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What To Do In A low Yield Environment


Investors over the world are struggling with yield in their portfolios.  Government investments are at historically low levels, with thirty-year treasuries basically declining every year for almost thirty years straight:

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Vanguard’s extended duration treasury ETF is down to yielding 1.61%.  It’s short term bond et yields only 0.36%.  Inflation protected security products have a yield of NEGATIVE 1.15%.  Even the mortgage back security product is yielding a paltry 1.22%.

 

Corporate bonds are not any better, with high grade corporate bonds yielding 0.84% and total return bonds products (e.g. partially junk) only yielding 3.06%.  There are no money market products that have any return beyond something negligible.  Many now offer disclaimers that there is no chance such products can keep up with inflation. 

 

This means any investor placing money into a traditional 60/40 style portfolio is guaranteeing poor performance.  If interest rates go up, their bonds will suffer.  If interest rates stay flat, they’ll lose on inflation.  And no one believes rates can go much lower (if they go negative, everyone just goes to cash). 

 

So, what is the average investor to do?

 

When my clients ask me the question, the only investment left is the alternative investment class.  This can take the form of:

  1. Private funds;
  2. Options strategies; or
  3. Real estate.

 

Over the next couple of weeks, each of these will be examined in detail and discuss how investors might profit from participating in each.  A brief overview of each is included below.

 

Private Funds can access higher yielding products than may otherwise be available.  For instance, my firm has a mortgage product that yields between 8%-10%, without significantly more risk than the several publicly traded mortgage ETFs.  There are private funds that take advantage of tax lien strategies that have relatively safe risk that return anywhere from 5% to 10%.  There are hard money lending funds that have higher risk, but they do offer returns commensurate with the risk.  Some of these funds even offer different tiers of investment, depending on the return you’re seeking.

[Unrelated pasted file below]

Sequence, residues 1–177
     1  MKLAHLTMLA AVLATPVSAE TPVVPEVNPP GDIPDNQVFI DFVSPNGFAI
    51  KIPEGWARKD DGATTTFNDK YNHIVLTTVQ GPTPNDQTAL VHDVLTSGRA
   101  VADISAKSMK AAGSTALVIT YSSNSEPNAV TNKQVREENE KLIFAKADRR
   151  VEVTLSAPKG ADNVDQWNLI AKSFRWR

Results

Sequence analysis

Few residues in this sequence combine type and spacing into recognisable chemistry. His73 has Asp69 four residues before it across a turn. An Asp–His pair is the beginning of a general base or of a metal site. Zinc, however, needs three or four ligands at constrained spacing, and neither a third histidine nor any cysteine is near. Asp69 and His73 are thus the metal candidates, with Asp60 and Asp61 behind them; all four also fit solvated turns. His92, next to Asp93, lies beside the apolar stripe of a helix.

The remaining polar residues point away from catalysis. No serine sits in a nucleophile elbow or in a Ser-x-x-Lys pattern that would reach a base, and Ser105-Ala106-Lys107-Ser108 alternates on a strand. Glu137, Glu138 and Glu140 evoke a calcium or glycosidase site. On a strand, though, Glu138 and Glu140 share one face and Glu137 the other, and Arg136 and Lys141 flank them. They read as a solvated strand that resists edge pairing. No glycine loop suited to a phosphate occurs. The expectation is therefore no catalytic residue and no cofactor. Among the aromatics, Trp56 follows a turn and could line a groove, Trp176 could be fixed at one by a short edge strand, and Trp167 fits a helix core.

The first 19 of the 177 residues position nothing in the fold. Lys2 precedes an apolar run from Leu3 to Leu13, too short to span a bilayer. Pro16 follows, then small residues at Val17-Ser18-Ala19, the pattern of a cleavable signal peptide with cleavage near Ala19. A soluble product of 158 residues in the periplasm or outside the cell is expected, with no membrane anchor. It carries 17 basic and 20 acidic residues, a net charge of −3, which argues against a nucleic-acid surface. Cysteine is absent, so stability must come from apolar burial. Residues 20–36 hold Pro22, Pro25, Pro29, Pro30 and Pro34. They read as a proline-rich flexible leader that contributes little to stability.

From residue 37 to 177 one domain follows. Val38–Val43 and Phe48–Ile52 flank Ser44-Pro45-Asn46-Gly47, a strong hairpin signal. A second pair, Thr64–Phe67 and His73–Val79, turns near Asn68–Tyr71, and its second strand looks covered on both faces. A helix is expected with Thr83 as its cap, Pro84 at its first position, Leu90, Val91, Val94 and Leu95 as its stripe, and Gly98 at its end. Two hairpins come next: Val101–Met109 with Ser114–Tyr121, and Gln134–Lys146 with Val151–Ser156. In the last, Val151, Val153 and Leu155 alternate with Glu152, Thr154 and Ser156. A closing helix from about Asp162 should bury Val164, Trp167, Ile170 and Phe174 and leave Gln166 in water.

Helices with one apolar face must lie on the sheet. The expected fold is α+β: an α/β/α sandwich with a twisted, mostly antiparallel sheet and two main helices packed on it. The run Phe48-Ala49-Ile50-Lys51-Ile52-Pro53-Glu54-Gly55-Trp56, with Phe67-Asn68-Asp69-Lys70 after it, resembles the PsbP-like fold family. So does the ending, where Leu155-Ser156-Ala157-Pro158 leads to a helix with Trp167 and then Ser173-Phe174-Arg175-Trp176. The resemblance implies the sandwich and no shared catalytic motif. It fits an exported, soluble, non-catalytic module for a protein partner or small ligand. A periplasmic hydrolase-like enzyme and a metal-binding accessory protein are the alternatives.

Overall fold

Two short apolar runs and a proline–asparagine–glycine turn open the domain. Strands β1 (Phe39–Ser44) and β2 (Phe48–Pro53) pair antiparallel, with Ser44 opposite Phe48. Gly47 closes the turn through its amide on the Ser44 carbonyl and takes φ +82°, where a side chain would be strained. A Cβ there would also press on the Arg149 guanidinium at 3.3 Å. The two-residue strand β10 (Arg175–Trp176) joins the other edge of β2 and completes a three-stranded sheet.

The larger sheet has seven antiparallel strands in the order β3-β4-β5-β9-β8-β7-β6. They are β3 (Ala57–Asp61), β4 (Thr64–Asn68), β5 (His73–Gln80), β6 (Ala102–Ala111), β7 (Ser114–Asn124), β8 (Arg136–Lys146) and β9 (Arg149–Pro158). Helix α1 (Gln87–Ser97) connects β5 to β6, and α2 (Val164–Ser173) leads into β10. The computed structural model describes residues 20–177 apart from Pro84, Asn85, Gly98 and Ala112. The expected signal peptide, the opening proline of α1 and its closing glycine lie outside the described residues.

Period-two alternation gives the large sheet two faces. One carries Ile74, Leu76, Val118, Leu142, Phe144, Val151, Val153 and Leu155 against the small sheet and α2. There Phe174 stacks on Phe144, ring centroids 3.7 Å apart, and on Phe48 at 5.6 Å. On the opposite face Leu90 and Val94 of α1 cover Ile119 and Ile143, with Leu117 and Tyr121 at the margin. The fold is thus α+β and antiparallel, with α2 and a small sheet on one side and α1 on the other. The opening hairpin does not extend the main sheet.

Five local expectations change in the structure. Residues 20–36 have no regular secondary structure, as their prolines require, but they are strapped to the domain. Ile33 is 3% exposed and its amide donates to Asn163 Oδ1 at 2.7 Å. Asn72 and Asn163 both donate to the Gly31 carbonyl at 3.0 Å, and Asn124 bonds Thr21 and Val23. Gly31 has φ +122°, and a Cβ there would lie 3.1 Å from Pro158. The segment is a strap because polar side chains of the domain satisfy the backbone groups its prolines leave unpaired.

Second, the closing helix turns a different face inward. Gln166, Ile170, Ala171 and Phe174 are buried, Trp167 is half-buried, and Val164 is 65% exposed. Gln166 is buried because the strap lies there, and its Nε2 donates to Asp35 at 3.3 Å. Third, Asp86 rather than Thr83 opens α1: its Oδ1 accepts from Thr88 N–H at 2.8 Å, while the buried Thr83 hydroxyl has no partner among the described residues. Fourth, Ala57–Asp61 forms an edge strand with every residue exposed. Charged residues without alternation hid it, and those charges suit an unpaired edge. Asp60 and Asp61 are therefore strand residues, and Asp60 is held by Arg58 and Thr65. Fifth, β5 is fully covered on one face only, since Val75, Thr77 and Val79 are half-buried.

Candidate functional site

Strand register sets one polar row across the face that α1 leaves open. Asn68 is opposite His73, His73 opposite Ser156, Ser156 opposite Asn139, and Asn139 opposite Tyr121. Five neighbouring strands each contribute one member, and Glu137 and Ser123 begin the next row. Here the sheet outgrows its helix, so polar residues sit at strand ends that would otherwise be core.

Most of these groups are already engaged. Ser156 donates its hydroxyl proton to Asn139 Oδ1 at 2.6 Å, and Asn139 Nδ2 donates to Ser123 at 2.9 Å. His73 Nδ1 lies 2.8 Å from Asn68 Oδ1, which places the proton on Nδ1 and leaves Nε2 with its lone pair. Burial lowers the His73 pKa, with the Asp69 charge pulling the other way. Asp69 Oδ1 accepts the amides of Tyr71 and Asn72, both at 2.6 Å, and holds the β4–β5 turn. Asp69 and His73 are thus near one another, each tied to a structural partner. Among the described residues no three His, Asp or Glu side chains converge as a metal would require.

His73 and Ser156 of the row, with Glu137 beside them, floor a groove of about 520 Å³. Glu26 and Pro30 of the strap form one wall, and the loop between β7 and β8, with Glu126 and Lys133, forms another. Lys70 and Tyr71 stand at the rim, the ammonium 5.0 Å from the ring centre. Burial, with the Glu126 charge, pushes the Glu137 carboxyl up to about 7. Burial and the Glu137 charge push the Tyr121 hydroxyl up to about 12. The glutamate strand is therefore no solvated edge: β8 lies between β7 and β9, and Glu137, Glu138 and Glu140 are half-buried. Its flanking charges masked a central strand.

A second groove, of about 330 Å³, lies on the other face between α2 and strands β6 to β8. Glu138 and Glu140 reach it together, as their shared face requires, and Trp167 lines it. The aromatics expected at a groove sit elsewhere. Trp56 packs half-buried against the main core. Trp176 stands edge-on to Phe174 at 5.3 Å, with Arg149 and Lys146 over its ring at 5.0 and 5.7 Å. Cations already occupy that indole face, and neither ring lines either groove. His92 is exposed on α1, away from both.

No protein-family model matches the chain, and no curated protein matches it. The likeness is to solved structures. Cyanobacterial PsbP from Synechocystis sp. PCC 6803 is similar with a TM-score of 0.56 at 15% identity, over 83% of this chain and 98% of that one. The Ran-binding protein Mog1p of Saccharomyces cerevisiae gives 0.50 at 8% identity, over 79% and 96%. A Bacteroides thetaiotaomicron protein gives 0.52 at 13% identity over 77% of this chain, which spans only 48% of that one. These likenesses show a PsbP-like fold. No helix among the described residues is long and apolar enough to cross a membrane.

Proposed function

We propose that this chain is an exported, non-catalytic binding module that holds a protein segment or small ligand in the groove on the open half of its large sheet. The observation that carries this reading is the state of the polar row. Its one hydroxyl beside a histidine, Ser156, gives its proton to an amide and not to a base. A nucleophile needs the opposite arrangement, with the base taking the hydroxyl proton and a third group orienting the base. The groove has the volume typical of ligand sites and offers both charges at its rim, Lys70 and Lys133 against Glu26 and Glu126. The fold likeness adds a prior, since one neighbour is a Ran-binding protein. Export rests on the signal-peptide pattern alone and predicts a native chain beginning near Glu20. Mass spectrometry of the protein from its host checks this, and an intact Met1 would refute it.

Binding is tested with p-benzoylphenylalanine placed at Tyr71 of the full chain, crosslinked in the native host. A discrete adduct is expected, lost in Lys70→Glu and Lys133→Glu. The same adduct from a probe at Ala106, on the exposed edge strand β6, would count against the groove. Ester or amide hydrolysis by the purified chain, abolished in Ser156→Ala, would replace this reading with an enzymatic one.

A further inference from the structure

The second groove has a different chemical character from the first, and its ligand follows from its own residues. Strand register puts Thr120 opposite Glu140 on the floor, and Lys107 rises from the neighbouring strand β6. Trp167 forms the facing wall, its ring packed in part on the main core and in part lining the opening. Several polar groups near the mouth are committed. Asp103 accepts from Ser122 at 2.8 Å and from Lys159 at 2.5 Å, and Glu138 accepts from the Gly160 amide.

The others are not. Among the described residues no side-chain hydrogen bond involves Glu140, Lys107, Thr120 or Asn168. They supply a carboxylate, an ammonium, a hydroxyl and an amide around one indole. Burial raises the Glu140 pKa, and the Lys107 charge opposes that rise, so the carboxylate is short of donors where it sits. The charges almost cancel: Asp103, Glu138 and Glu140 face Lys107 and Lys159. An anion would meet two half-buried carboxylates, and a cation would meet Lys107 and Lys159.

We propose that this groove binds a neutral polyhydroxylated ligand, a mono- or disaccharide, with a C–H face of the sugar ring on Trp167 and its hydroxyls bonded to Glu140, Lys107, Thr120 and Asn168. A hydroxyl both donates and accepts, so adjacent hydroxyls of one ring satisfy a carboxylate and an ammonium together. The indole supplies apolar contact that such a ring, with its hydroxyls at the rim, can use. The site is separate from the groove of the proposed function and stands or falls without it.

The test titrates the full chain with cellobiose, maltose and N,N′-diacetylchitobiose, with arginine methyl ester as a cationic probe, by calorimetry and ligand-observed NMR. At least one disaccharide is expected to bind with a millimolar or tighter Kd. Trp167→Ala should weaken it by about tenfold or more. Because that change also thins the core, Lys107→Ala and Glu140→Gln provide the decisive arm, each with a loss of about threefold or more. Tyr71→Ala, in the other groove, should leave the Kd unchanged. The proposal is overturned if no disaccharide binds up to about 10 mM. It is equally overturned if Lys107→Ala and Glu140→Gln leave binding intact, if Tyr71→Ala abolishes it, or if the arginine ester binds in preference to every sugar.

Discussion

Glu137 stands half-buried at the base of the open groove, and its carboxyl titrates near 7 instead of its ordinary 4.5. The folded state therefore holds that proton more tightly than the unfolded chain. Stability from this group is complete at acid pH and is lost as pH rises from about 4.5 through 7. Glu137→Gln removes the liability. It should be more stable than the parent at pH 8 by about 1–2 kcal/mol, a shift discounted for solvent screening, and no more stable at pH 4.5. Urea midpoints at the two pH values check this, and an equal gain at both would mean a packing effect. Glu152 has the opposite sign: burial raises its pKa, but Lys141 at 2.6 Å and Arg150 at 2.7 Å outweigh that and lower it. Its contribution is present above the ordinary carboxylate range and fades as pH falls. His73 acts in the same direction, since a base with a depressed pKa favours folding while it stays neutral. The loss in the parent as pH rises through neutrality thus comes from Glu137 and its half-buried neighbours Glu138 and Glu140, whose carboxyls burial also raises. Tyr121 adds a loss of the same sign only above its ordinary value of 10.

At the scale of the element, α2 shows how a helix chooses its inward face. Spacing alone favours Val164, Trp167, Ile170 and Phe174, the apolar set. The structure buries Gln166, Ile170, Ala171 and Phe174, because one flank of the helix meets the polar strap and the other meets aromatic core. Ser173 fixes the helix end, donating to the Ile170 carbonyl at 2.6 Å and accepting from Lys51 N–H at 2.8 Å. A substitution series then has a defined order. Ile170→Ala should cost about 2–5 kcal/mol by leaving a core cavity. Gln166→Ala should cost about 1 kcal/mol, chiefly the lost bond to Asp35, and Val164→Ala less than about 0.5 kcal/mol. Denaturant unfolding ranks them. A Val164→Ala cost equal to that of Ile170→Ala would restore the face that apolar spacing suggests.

There are low risk option strategies which can consistently yield 5% to 7%.  Increasing risk can increase these returns.  For instance, there are dividend capture strategies which consistently yield 0.5% or so a month.  The goal in a dividend capture strategy is to identify a stock, paying a dividend, buy the stock, sell a call at the current price that expires after the ex-dividend date and buy a put at the same price.  The cost of the call and put needs to be LESS than the dividend being issued.  There are regularly such opportunities.  You won’t get rich doing it, but you can make a yield better than what else is available.

 

The last option for yield is of course real estate – own real estate, generate rent income.  Unfortunately, it is not quite that simple, but even in the times of COVID-19, there are opportunities on both the residential and commercial side to find investments that have acceptable yields.

 

Government bonds, treasuries, and corporate bonds simply do not offer value to investors in the current interest rate and yield environment.  Investors seeking yield must look elsewhere.  Fortunately, there are products that can deliver positive returns if investors know where to look.
 

Christopher Welsh is a licensed investment advisor in the State of Texas and is the president of an investment firm, Lorintine Capital, LP which is a general partner of three separate private funds. He is also an attorney practicing in Dallas, Texas. Chris has been practicing since 2006 and is a CERTIFIED FINANCIAL PLANNER™. Working with a CFP® professional represents the highest standard of financial planning advice. He offers investment advice to his clients, both in the law practice and outside of it. Chris has a Bachelor of Science in Economics, a Bachelor of Science in Computer Science from Texas A&M University, and a law degree from Southern Methodist University. Chris manages the Anchor Trades portfolio and oversees Lorintine Capital's distressed real estate debt fund.


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